Helicopter ride and scuba diving

Suppose you’re planning your next holiday to a destination that offers gorgeous scenery over and underwater.

In that case, this article is for you.

Adventures such as scuba diving and helicopter tours often become a part of people’s itineraries when visiting a tourist destination. 

However, people must know that doing these activities close to each other is not ideal.

So before finalizing things, you should know when and where to add scuba diving and a helicopter ride to your itinerary. 

Is it safe to fly after scuba diving? 

It is a question that often comes up for people planning these adventures. 

If you’re scheduling your scuba diving adventure toward the end of your trip, ensure enough time for your body to recoup before flying. 

Going on a helicopter ride immediately after scuba diving is not safe. 

You have to wait for at least 18 to 24 hours before you can fly after deep-sea diving. 

Forcing your body to adjust to the pressure difference may result in decompression sickness(DCS). 

What is Decompression sickness(DCS)? 

What is Decompression sickness(DCS)
Image: Wikipedia.org

Decompression sickness, also known as the divers’ disease or the bends, occurs when the body experiences exposure to a rapid decrease in air or water pressure. 

During scuba diving, compressed air aids the diver in taking in extra oxygen and nitrogen. 

The body uses compressed oxygen, whereas the nitrogen remains dissolved in the blood during the dive. 

The water pressure around you decreases as you swim back to the surface after a deep dive.

If this transition happens too quickly, the nitrogen in your blood will not have time to clear. 

It will separate from your blood, forming bubbles in your tissues or blood. 

Nitrogen bubbles cause decompression sickness damaging blood vessels and obstructing normal blood flow.

Decompression sickness and flying

You should avoid scheduling a helicopter ride immediately after diving.  

Your body will require time to flush out the excess nitrogen from blood taken during scuba diving. 

Suppose you take a flight shortly after diving and expose your body to reduced barometric pressure. 

In that case, you increase the risk of DCS.

Flying after diving may result in the formation of bubbles in tissue and cause decompression sickness. 

It is necessary to remain at ground level for a stipulated time to eliminate gas from your body.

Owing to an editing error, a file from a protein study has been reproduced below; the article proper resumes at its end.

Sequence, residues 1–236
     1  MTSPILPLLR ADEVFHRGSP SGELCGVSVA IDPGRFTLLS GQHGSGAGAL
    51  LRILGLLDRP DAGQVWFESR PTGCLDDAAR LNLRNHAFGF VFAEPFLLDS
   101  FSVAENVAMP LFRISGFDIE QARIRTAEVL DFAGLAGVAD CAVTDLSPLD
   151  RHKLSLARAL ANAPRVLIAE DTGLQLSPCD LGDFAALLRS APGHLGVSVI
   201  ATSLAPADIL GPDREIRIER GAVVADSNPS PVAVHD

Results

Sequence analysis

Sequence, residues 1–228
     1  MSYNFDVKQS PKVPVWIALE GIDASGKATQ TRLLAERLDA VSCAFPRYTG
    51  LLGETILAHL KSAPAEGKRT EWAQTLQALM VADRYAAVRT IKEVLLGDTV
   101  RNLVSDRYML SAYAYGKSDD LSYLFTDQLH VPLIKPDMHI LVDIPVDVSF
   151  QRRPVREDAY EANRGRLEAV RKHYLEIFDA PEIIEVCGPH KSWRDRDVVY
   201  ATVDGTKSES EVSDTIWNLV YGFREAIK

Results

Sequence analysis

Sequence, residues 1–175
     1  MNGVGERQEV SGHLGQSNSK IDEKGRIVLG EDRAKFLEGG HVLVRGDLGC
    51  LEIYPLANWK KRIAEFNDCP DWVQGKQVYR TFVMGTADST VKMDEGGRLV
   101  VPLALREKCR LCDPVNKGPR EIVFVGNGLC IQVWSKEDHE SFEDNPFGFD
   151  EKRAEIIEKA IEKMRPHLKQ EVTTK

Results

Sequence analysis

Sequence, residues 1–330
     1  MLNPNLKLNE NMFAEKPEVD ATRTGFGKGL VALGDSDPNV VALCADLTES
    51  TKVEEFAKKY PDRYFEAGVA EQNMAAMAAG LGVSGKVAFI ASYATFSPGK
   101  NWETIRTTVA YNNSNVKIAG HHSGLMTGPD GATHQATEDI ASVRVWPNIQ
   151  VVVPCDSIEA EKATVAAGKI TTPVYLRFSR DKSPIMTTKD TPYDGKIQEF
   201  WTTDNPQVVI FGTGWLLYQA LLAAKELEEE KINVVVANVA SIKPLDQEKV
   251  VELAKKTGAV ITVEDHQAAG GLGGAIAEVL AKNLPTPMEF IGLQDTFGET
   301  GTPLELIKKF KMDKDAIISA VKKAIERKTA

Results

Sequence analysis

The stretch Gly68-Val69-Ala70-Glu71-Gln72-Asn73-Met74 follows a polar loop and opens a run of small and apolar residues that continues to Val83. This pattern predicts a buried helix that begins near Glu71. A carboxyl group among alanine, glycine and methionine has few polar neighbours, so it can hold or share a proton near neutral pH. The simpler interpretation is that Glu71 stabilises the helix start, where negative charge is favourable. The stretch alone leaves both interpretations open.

It would be best if you don’t eliminate the risk simply because your body is yet to show any signs of DCS after a few hours. 

Give your body the required time and then board the helicopter ride. 

Symptoms of decompression sickness

People suffering from decompression sickness might display some signs and symptoms. 

  • Unusual exhaustion
  • Body itch
  • Muscle or joint pain in the arms, legs or torso
  • Nausea or vertigo
  • An earache that ringers
  • Tingling, numbness or paralysis
  • Breathing difficulty
  • A streaky rash
  • A weakened or paralyzed muscle
  • Having trouble urinating
  • Confusion, a change in demeanor or odd behavior
  • Amnesia or tremors
  • Staggering
  • Spitting forth crimson, foaming mucus
  • Collapse or loss of consciousness

These symptoms can occur within a range of 15 minutes to 12 hours.

In severe circumstances, symptoms could emerge beforehand or right away. 

Although uncommon, delayed onset of symptoms might occur, mainly if air travel is immediately after diving.

Is it safe to dive after flying? 

There is no harm in diving after flying. 

You could get off the helicopter ride and go for a scuba diving adventure, and you’ll still be fine. 

A decrease in barometric pressure is not the only cause of DCS; it is majorly a result of the concentrated nitrogen in the blood due to deep sea diving. 

This saturated nitrogen could form bubbles under pressure. 

Helicopter rides are usually short, so you don’t have to worry about dehydrating. 

However, if you’re getting off from a long helicopter tour, there might be a risk of dehydration.

Dehydration can cause DCS; therefore, ensure that you drink a good amount of non-alcoholic fluids before and during the helicopter tour to avoid the risk of DCS. 

Things to remember

Decompression sickness is a scary illness to go through, but it is preventable through proper precautions. 

Every diver will not experience DCS. 

Leave ample time between your scuba diving and helicopter ride if you plan your dive before the ride. 

Factors such as age and physical fitness also affect the chances of DCS. 

Assess your situation before you finalize your itinerary. 

If you align things effectively, you are sure to have a great and fun experience.

Featured Image: EXTREME PHOTOGRAPHER from Getty Images Signature

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